This often forces photographers to use specialized flash equipment such as a twin-head macro system.

Dedicated macro flashguns are not cheap. If you’re just starting to explore macro photography, there are other ways to take macro photos of flowers. Especially if you want a more abstract result.

One simple way to shoot abstract macro flower photography without expensive equipment is to use a relatively inexpensive LED light pad. An A4 size light pad will provide a clean white light source that’s really versatile.

A camera capturing flower petals lit from above

Don’t press your tablet into service as a white light source. You’ll see red, green, and blue pixels instead of a plain white screen.

For this image below, I sandwiched some petals between a glass plate and the illuminating LED panel. This is a very simple type of macro photography.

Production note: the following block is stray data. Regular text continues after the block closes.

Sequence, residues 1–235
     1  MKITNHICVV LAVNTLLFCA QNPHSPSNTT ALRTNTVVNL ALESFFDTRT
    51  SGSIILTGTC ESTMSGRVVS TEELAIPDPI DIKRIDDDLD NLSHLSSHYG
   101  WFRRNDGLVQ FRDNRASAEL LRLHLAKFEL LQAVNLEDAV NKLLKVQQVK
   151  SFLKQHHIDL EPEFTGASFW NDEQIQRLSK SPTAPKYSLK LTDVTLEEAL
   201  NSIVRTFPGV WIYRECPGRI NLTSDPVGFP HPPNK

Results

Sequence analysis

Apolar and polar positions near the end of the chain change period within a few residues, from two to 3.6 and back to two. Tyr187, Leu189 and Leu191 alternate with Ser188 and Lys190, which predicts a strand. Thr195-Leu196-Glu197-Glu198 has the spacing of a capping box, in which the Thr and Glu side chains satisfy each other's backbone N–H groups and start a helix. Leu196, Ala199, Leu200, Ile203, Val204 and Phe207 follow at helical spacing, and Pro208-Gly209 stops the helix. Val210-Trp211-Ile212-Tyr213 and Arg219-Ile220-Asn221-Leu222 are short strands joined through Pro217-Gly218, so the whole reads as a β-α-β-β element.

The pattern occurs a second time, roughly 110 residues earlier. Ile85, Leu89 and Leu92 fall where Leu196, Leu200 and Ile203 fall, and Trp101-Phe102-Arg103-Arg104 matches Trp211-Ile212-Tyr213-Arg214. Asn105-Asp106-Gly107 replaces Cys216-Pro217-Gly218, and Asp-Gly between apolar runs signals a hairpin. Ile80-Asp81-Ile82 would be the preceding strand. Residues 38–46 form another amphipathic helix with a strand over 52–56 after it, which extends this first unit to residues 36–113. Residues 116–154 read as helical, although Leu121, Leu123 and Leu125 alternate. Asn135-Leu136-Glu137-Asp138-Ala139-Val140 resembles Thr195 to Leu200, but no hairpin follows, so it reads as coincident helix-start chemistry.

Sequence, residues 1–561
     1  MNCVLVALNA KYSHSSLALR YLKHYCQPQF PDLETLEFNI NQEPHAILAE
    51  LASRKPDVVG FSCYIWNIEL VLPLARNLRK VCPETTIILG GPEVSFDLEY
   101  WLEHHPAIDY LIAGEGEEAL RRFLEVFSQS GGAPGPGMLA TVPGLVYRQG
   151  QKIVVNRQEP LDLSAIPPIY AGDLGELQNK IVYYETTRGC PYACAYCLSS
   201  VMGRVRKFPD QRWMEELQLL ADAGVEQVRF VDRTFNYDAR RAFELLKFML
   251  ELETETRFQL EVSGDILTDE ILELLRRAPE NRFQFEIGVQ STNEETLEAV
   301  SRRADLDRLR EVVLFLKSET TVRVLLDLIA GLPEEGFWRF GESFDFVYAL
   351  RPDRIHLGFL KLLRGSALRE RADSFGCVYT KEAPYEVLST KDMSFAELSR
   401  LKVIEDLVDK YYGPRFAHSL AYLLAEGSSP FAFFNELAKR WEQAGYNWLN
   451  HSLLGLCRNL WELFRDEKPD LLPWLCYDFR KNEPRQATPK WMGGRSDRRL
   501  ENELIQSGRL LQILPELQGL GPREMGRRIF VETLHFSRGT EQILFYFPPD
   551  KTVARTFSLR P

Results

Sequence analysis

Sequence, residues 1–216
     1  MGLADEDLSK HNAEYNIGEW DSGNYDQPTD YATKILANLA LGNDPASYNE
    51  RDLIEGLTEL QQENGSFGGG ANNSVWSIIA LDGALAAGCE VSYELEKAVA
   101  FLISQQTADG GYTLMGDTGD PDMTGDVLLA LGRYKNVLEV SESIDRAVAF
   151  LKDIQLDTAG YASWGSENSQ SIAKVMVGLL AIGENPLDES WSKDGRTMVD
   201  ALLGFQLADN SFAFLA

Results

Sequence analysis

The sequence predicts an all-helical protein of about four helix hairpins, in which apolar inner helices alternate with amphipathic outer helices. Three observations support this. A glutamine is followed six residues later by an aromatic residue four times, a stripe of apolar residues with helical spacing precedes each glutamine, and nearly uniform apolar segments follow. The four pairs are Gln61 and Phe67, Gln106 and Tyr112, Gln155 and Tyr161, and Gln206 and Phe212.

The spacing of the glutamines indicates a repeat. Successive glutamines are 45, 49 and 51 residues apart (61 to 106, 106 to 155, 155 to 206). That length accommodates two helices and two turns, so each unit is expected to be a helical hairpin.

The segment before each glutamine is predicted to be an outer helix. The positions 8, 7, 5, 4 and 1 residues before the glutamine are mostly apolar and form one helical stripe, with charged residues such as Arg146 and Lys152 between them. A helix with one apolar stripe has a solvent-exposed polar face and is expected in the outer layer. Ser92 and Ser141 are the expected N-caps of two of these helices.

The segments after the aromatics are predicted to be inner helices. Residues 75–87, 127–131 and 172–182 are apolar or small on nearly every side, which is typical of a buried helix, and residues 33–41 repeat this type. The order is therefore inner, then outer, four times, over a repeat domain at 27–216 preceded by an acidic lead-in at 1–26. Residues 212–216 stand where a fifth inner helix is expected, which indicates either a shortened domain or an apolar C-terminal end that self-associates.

The illumination is adequate, the subject isn’t moving and there is no real depth-of-field problem. Everything is sharp and in-focus.

Once you have this setup in place, try photographing other objects, too. Thin slices of fruit and vegetables like orange or cucumber will do the trick.

Abstract macro photography of flower petals

Use Kitchen Utensils

The average kitchen has a variety of gadgets and utensils. It may sound as a surprise, but you can use them for your abstract macro photography project. Some of these gadgets have interesting shapes and shiny surfaces, which make them perfect subjects.

Try using the tablet computer trick to provide some colored reflections as in this cheese grater.

Abstract macro photography of shedder encompassed in colorful lightConclusion

These ideas are just some of the many you have yet to discover!

Once you get into the abstract macro way of thinking, you’ll begin to see new artwork all around you.

Macro photography is one of the topics we cover in our creative photography course, Wow Factor Photography. If you’d like to learn more, check out the course here.

eBooks and Courses for Everyone